The plan is to build a state of the art area spanning three thousand square feet in Furst Hall where the interns can work and hold conferences and meetings with coworkers from halfway around the globe. This will give the interns an advantage given the time discrepancy and long distance from their actual firms. To go along with the amazing opportunity of interning during the busy schedule of a YU student, the program also hopes to offer an opportunity to extend the internship into the summer where students would get the opportunity to live in Israel and work for the firms which they have been interning all year for.

Dean Strauss has long term plans for the program too, and plans to expand it in the future by adding many more students. Future plans will be to take some area somewhere in the Washington heights and find a space which is ten to fifteen thousand square feet and build a larger facility there. This will create a stronger base for the program, and will enable students to to join local tech companies from New York, New Jersey, and Connecticut.

By creating a vibrant internship program, the Israel incubator project will level the playing field between Yeshiva University and other business schools that already house such incubators. As Dean Strauss explained, “It is very important to give students a chance to take what they learn in class and mesh it with real life experiences.” This program is aimed to help the students gain first hand work experience in conjunction with their rigorous academic curriculum, all while providing them with a resume booster and something to use as a leverage point in interviews.

Lastly, the Israel Incubator Project will cater to all types of students, not just those planning on majoring in business related areas. Dean Strauss anticipates that many students with diverse academic interests will apply, and encourages everyone to learn more about the program and its offerings. According to Dean Strauss, those students who already have exemplified entrepreneurial leadership skills, either by working for startups in the past or by creating their own, will be given special consideration for acceptance into this program.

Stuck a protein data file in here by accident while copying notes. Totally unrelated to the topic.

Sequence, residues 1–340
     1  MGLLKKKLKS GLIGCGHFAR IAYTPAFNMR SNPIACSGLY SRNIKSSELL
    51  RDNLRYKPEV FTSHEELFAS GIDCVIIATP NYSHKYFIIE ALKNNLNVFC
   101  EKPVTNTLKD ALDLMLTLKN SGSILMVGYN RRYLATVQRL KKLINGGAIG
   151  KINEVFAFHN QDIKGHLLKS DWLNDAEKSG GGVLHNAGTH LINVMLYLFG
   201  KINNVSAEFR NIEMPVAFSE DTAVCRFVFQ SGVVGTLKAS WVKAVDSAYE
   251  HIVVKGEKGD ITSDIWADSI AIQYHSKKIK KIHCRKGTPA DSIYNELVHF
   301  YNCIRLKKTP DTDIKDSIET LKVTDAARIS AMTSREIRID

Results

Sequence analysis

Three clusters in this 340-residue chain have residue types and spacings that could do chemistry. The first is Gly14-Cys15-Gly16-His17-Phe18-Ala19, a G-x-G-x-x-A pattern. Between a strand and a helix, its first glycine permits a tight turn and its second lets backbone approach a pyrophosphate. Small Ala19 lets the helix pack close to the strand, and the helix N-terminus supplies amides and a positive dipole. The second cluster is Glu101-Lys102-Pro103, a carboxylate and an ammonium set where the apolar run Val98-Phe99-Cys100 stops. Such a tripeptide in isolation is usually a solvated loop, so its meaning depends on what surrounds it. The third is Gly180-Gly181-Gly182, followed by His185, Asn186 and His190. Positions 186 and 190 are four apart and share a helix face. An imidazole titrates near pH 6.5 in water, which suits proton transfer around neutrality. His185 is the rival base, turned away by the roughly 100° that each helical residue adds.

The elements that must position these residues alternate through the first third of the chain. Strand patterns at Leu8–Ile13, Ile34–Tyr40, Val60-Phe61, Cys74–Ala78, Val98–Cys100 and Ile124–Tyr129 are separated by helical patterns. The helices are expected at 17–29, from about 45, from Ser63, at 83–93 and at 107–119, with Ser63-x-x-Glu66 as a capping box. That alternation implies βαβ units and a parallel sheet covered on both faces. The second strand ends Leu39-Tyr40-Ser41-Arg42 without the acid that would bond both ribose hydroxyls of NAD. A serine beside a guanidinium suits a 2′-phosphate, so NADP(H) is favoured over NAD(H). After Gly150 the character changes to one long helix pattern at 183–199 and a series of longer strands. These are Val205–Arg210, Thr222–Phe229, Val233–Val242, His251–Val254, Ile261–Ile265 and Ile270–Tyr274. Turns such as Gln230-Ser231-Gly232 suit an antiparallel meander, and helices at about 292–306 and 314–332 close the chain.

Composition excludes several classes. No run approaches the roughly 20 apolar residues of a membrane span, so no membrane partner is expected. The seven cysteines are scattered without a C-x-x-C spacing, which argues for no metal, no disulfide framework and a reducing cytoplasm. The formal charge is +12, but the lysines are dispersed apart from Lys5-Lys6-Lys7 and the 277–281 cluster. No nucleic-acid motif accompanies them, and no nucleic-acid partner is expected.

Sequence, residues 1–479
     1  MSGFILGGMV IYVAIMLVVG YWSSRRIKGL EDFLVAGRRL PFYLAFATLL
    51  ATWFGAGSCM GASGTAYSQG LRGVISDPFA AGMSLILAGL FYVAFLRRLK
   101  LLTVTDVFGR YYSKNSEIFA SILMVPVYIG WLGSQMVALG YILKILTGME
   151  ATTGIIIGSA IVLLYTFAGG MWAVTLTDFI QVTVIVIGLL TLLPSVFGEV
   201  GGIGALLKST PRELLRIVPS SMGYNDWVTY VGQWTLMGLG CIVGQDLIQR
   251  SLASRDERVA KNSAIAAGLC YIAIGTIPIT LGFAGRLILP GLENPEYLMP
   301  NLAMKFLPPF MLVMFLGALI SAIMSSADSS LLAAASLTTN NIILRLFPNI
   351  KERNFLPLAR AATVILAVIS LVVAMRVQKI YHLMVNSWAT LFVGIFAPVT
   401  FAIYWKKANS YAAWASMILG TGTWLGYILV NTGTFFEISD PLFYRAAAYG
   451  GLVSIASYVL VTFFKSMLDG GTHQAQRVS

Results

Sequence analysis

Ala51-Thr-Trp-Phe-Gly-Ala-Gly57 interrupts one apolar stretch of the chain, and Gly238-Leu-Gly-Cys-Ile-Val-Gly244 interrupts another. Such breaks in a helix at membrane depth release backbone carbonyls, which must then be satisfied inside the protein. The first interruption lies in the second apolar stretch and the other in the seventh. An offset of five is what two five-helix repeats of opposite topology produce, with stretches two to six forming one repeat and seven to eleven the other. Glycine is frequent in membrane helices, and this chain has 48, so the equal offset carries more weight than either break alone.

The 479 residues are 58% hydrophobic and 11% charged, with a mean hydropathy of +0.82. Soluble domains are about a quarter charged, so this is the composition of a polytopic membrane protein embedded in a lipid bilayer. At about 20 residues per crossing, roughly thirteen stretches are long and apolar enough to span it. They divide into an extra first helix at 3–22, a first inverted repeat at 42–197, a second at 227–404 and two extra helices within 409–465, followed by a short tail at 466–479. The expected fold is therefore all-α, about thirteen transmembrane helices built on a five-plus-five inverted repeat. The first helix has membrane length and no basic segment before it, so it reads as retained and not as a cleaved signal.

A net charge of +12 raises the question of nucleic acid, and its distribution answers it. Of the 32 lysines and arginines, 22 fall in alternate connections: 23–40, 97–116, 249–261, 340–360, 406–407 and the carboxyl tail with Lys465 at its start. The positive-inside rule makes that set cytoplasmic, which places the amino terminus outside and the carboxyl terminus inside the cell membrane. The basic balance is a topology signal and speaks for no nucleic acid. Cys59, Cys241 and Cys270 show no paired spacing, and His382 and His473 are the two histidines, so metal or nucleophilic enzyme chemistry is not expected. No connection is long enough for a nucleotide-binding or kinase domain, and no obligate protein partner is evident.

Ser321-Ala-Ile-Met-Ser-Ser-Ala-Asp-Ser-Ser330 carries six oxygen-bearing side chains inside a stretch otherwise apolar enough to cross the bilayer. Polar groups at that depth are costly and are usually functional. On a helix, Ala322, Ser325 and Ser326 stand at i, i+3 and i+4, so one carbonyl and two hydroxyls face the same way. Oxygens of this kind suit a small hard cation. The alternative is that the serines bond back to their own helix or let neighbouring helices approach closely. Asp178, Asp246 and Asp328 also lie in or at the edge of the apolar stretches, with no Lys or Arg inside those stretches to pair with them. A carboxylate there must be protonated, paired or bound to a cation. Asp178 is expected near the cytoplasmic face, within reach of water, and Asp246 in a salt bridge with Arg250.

The sky's the limit for this program, and it really is up to us the students of Yeshiva University to ensure that this program is prosperous. With its anticipated success will come many benefits, not just for the students involved but for the university itself. Dean Strauss already mentors high school students at MTA and SAR--he recently held a Shark Tank startup pitch event at MTA--and believes that this incubator program has the potential to attract high school students that are debating what college to attend, and will now be enticed by a leading startup mentoring program in the confines of YU’s campus.

The program also gives the opportunity for current undergraduate students to help each other grow and learn more about one another. The goal is not to find one talented person who is good in all areas but rather a team that is made up of many students that show exceptional talent, interest, and drive in their specific areas of study. Dean Strauss explained that administrators and faculty are working diligently on many initiatives at Yeshiva University which will be rolled out over the next few years, all with the objective of enhancing students’ experience and learning while at YU. From the perspective of improving students’ business acumen and practical business experience, we should all be excited and thankful that the Israel incubator program will be part of these university-wide initiatives.